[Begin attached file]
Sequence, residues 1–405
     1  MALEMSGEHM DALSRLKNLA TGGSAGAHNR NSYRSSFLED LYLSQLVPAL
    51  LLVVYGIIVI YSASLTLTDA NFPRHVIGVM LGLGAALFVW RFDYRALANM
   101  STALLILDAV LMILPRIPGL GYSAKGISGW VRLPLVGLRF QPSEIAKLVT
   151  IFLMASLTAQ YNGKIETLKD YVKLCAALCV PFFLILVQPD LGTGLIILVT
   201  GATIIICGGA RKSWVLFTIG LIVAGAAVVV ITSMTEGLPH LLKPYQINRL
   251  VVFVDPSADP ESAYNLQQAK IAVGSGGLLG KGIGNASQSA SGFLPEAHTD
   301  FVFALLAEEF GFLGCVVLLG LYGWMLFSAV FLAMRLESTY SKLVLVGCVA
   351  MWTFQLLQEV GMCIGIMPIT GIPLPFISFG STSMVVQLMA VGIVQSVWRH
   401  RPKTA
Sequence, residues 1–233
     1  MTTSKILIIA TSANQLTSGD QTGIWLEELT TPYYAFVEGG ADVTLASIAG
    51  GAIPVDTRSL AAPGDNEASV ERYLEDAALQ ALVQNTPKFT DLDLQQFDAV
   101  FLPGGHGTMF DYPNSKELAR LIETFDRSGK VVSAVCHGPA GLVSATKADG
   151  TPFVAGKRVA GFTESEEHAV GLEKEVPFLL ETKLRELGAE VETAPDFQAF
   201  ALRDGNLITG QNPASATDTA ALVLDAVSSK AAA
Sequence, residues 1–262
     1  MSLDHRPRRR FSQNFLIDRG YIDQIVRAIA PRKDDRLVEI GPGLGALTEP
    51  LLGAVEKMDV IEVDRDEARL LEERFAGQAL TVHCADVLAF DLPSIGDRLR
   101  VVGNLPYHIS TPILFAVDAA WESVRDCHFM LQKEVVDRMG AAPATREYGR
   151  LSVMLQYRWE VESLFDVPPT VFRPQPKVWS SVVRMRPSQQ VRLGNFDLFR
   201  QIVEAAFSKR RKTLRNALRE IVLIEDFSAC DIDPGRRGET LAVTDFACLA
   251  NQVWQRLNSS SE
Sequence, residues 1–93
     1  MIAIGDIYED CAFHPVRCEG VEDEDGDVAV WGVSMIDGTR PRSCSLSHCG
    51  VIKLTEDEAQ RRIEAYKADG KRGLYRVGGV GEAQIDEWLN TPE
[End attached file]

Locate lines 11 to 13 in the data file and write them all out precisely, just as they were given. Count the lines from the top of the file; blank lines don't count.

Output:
Sequence, residues 1–233
     1  MTTSKILIIA TSANQLTSGD QTGIWLEELT TPYYAFVEGG ADVTLASIAG
    51  GAIPVDTRSL AAPGDNEASV ERYLEDAALQ ALVQNTPKFT DLDLQQFDAV